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A different kind of Docklands

29 Oct 2015

A different kind of Docklands Image

As we await Harbour Esplanade’s redevelopment, a group of students from RMIT have imagined alternative futures for the public space.

From a footstep-activated light and sound show to a giant rollercoaster across Docklands, the Art in Public Space masters students have come up with a range of concepts to transform the way people experience the precinct.

According to RMIT lecturer Clare McCracken, the aim of the project was to explore ways of activating unused spaces in a way that stretched the imagination and creative boundaries.

Supported by Urbis and Pop Up Melbourne, students came up with a range of ideas to activate Harbour Esplanade.

“The concepts didn’t necessarily have to be buildable, with the idea being that students unleashed their creativity,” Ms McCracken said.

Students each formulated a public art “proposition”, as opposed to a public art proposal, which gave them the freedom to imagine things that haven’t been done or might not yet be possible.

They researched the design, construction and formation of Docklands and analysed the way the public experienced the area’s public spaces, focusing on Harbour Esplanade, before creating their own site-specific propositions.

Student Jie Shu’s proposition Evolution suggests the development of three robotic creatures, part-marine, part science-fiction that embody the impact of contaminated water on animals.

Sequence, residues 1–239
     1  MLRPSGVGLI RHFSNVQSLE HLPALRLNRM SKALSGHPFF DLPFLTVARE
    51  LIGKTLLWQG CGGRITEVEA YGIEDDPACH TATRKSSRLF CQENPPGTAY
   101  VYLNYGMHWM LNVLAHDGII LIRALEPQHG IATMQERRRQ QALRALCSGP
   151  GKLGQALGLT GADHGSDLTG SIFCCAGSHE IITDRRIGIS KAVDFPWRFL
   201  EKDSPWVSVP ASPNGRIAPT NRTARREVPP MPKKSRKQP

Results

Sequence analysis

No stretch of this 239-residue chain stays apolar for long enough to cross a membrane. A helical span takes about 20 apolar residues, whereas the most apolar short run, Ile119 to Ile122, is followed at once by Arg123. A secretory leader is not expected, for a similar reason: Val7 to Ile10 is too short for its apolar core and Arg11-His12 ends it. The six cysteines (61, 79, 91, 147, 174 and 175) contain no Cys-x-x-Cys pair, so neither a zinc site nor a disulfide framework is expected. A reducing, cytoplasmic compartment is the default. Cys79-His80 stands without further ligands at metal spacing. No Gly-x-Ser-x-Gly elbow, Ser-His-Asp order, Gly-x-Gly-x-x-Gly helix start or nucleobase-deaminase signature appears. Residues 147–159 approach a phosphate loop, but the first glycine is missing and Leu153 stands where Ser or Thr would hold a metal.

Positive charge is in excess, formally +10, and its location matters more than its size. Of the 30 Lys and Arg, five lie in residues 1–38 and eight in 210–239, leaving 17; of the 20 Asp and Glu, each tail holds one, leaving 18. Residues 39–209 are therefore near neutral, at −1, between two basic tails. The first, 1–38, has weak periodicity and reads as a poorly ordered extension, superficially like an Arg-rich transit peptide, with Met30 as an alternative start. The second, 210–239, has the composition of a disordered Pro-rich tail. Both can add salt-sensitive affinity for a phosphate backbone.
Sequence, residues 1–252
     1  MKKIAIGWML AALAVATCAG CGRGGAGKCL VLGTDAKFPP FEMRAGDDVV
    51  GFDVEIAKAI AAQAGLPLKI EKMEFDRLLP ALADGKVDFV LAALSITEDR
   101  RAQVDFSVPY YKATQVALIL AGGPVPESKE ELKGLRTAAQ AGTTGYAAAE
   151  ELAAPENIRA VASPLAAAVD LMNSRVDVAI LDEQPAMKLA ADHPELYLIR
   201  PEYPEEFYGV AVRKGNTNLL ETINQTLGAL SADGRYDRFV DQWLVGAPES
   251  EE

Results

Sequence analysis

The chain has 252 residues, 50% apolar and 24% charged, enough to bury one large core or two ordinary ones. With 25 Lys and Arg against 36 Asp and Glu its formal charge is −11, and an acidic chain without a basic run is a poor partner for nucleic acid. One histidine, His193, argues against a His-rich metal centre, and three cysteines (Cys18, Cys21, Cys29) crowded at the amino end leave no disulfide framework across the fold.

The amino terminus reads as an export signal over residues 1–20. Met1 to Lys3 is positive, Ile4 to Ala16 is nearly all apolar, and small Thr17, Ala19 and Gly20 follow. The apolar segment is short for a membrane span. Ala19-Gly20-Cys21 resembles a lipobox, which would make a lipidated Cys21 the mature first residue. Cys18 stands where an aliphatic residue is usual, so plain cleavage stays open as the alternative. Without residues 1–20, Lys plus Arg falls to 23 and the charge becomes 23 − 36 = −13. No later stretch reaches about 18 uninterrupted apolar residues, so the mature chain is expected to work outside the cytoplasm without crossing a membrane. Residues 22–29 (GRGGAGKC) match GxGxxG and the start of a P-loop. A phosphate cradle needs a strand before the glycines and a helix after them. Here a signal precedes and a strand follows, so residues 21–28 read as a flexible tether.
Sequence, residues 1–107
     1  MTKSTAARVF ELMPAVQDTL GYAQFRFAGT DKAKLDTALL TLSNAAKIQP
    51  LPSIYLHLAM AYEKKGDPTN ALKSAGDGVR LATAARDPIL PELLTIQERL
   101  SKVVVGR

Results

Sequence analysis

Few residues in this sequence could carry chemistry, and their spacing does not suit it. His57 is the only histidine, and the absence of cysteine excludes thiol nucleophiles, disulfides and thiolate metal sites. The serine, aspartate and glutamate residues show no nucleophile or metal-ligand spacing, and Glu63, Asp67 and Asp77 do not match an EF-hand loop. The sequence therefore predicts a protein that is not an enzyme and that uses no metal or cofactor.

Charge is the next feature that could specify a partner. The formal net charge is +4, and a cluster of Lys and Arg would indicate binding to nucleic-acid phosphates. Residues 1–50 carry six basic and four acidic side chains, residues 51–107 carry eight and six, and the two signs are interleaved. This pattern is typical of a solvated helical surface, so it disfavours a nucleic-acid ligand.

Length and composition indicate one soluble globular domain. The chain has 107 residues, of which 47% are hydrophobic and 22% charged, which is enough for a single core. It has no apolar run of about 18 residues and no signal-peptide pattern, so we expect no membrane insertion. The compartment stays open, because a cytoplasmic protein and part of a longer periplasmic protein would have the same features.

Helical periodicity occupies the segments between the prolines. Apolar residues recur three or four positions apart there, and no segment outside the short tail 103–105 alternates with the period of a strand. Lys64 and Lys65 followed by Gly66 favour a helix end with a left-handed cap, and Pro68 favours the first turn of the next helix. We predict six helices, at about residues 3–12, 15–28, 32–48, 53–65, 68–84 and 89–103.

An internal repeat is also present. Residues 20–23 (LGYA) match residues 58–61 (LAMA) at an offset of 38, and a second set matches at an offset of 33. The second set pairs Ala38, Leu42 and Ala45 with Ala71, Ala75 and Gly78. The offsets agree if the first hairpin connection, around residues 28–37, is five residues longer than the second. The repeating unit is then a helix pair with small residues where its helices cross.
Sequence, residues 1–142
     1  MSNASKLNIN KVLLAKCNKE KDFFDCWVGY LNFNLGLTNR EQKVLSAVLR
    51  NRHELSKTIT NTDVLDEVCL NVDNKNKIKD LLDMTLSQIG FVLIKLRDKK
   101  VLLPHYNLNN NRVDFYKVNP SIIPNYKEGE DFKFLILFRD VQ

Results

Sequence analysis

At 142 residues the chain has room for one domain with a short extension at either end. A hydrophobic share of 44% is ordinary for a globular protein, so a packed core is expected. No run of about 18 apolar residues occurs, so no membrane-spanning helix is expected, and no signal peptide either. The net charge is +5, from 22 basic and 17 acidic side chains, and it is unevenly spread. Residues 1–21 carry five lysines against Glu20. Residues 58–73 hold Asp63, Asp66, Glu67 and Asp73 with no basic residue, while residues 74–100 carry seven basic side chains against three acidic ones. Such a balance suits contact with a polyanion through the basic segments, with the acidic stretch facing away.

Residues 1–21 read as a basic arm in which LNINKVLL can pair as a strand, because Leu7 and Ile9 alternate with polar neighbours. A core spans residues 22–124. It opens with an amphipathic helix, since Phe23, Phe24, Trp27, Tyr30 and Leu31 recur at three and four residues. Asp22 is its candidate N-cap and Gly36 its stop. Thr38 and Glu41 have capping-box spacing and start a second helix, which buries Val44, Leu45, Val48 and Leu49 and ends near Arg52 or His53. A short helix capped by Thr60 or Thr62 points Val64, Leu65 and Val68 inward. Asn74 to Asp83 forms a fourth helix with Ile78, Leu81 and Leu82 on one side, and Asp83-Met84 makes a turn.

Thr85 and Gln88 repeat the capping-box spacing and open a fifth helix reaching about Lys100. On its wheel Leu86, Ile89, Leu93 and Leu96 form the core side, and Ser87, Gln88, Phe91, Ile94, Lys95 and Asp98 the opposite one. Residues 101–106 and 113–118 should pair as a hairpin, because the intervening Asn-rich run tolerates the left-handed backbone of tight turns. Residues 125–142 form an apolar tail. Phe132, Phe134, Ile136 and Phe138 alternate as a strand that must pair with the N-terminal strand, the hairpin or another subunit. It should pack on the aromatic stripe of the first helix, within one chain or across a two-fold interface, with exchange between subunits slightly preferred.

They would be designed to crawl out of the water onto the harbour-side paths of Docklands before resubmerging themselves.

“Their alarming form and sudden arrival and departure would be a constant reminder of the importance of water to life and the need to protect it from rubbish, chemicals and heavy metals,” the proposition said.

“Could the creatures of Evolution become the Loch Ness monsters of the Docklands – a tourist attraction in their own right?”

In contrast Molly Braddon’s proposition Connecting to Disconnect > Disconnecting to Connect suggests an interactive installation embedded in the pavement along Harbour Esplanade.

According to the proposition, every time a foot falls on one section of the work, another section would light up, flash, elevate and make a sound, making simple trips a game of patterns and interactions with other pedestrians.

Other concepts included a performance work focusing on the act of cleaning, a publicly accessible artwork inspired by a water drop and the re-flooding of Harbour Esplanade and planting of a Apple Box Gum, bringing back some of the original terrain to Docklands.

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